Daniel M. Hanes in the department of coastal and oceanographic engineering at the University of Florida, Gainesville, answers:
"The waves you ask about are just one example of so-called bedforms that occur when a fluid flows over loose sedimentary material. They occur all over the world under many different conditions and produce a magnificent variety of shapes and patterns. Some of them remain stationary, such as the diamond-shaped patterns sometimes seen on a dry beach. Others, such as sand dunes in the desert, move in the direction of the prevailing wind or current.
"There are several possible mechanisms leading to the particular bedforms, and this is an area of legitimate scientific controversy. The most accepted explanation is that the flow of the overlying fluid (water or air) interacts with the moving sediment grains in a manner that results in a stable shape, or bedform. The specific shape therefore depends on the density and viscosity of the fluid, its speed above the sand and the nature of the sediment (that is, its characteristic size, shape and density).
"Some of the interesting early observations and explanations of bedform patterns are provided by Ralph A. Bagnold in his book The Physics of Blown Sand and Desert Dunes (Chapman and Hall, 1984 [reprint of 1941 edition])."
Robert S. Anderson, associate professor of earth sciences at the University of California at Santa Cruz, provides a more thorough overview of this deceptively complicated phenomenon:
"Ripples in sand, found on both beaches and dunes, are one of nature's most ubiquitous and spectacular examples of self-organization. They do not result from some predetermined pattern in the wind that is somehow impressed on the surface, but rather from the dynamics of individual grains in motion across the surface. They arise whenever wind blows strongly enough over a sand surface to entrain grains into the wind. The subsequent hopping and leaping of these grains is called saltation. Saltating grains travel elongated, asymmetric trajectories: Rising relatively steeply off the bed, their path is then stretched downwind as they are accelerated by drag forces. They impact the sand surface centimeters to tens of centimeters downwind, typically at a low angle, around 10 degrees. It is this beam of wind-accelerated grains impacting the sand surface at a low angle that is responsible for ripples.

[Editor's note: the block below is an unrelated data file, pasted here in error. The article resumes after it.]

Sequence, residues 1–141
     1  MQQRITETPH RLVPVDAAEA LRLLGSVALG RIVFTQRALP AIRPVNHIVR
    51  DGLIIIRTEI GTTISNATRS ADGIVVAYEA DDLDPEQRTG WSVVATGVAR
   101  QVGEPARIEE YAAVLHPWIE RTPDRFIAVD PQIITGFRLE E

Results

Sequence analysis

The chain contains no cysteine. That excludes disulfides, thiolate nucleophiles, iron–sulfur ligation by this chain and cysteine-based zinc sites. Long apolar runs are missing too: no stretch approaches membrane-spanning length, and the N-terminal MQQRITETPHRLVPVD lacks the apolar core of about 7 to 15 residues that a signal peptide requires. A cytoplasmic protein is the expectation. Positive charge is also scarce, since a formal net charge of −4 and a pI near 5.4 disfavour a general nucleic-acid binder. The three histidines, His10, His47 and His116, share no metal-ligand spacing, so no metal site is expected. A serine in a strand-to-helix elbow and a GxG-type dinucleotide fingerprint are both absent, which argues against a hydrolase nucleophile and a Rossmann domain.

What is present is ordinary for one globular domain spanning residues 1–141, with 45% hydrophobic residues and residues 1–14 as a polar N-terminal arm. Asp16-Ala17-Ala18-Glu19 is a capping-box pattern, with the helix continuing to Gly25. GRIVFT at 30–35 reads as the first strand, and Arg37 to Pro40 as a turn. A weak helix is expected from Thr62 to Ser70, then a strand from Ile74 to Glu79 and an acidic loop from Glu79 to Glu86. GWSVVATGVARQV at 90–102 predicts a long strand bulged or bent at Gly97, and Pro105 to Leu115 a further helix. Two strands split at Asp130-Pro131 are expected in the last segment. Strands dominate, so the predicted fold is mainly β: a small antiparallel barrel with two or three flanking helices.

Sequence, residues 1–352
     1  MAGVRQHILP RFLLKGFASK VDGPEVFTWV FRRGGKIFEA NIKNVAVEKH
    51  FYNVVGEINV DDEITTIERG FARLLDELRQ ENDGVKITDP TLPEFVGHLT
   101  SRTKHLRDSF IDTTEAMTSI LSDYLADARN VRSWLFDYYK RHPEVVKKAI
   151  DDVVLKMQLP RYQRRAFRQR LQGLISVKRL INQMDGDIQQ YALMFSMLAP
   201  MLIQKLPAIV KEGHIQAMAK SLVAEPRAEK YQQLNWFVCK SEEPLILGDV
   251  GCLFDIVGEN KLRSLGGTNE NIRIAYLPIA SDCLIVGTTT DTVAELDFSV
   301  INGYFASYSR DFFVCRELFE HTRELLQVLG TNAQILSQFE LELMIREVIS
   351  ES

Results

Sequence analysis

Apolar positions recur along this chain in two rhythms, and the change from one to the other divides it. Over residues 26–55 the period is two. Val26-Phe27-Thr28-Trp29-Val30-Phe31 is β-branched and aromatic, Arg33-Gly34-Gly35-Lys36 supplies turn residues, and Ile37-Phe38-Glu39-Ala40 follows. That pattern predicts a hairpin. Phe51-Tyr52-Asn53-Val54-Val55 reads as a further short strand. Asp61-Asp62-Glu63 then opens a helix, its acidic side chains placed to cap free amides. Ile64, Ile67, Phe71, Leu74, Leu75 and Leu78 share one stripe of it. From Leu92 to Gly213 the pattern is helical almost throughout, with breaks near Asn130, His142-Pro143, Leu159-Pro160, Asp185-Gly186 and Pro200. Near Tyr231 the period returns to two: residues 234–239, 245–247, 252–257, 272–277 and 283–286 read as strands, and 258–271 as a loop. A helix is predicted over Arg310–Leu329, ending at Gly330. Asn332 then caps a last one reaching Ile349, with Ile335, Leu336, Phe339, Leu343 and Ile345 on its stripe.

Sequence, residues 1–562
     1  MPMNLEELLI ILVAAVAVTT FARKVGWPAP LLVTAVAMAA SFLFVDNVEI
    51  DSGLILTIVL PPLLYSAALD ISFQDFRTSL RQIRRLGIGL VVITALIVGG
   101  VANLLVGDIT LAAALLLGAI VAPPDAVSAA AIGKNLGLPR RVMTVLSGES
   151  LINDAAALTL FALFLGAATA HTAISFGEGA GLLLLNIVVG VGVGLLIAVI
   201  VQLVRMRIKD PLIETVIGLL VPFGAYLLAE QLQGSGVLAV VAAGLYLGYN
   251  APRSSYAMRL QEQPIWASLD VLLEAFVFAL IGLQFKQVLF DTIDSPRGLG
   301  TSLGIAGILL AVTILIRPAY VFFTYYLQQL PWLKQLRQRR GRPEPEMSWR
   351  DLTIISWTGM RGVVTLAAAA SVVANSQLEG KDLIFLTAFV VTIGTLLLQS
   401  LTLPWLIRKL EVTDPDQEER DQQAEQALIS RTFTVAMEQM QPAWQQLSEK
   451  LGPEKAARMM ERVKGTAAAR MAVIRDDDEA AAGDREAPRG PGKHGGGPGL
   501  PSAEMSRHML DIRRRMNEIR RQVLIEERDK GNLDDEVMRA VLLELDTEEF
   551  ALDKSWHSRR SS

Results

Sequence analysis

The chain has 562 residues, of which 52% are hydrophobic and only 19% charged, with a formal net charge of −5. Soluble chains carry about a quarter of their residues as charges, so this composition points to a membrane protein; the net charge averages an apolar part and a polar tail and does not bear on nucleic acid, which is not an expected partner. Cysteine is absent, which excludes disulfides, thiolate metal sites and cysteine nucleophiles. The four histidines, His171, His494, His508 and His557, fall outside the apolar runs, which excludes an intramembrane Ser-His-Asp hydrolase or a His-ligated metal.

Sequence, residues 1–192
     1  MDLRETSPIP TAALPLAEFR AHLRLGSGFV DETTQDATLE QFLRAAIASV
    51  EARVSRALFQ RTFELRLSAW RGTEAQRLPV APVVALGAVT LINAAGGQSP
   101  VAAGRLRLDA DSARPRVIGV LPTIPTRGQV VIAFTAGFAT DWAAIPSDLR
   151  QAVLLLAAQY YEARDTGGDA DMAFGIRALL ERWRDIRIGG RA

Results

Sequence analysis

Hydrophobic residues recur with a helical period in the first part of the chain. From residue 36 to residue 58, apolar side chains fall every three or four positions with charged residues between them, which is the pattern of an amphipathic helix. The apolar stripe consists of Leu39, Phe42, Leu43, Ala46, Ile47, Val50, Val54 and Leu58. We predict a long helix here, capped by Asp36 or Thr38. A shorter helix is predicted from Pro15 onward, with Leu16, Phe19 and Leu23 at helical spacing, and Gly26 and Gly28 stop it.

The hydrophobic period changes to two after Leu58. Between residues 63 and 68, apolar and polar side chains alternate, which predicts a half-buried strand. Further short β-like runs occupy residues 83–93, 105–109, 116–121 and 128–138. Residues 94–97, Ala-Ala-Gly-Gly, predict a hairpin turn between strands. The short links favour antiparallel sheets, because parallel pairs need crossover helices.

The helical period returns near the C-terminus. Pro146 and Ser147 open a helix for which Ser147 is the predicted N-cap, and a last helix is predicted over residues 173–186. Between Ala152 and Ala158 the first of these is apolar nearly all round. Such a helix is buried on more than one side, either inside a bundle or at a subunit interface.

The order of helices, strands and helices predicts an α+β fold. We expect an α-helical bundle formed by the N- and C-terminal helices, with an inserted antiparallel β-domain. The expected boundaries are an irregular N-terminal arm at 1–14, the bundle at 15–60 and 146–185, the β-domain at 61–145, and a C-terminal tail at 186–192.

"An artificially flattened sand surface will not remain flat for long. (Try it on the beach or on the upwind side of a dune and see for yourself.) Small irregular mottles in the sand surface, perhaps a couple centimeters in wavelength, rapidly arise and grow once the wind starts to blow hard enough to initiate saltation. They then slowly organize themselves into more regular waves whose low crests are aligned perpendicular to the wind direction and begin to march slowly downwind. Typical ripple spacing is about 10 centimeters, whereas the typical height of the crests above the troughs is a few millimeters. The pattern is never perfect, but instead the ripple crests occasionally split or terminate, generating a pattern that looks remarkably like one's fingerprint. In cross section, the ripples are asymmetric, having low-angle upwind (stoss) faces and steeper downwind (lee) faces. Interestingly, the larger grains tend to accumulate on the crests of the ripples, leaving the troughs enriched in smaller grains.
"How does a low-angle beam of impacting saltating grains result in such downwind-marching waves of sand? This topographic pattern arises from a spatial pattern of deposition and erosion on the sand surface. In order to march downwind, deposition must be occurring on the downwind faces of the ripples, and erosion must be occurring on the upwind faces. Erosion occurs where there are more grains leaving the surface than are arriving, and deposition occurs where more grains are arriving than are leaving. Once saltation is well under way, by far the majority of grains in motion are actually blasted off the sand surface by the impacts of other saltating grains, rather than being carried along directly by fluid forces of the wind. And whereas the grains of sand that hit your ankles or accumulate in your pants cuffs travel long trajectories, most of the grains in motion are traveling in very short hops, only a few millimeters in length. The few grains traveling in long trajectories impact the sand surface with sufficient energy to force a large number of sand grains to hop.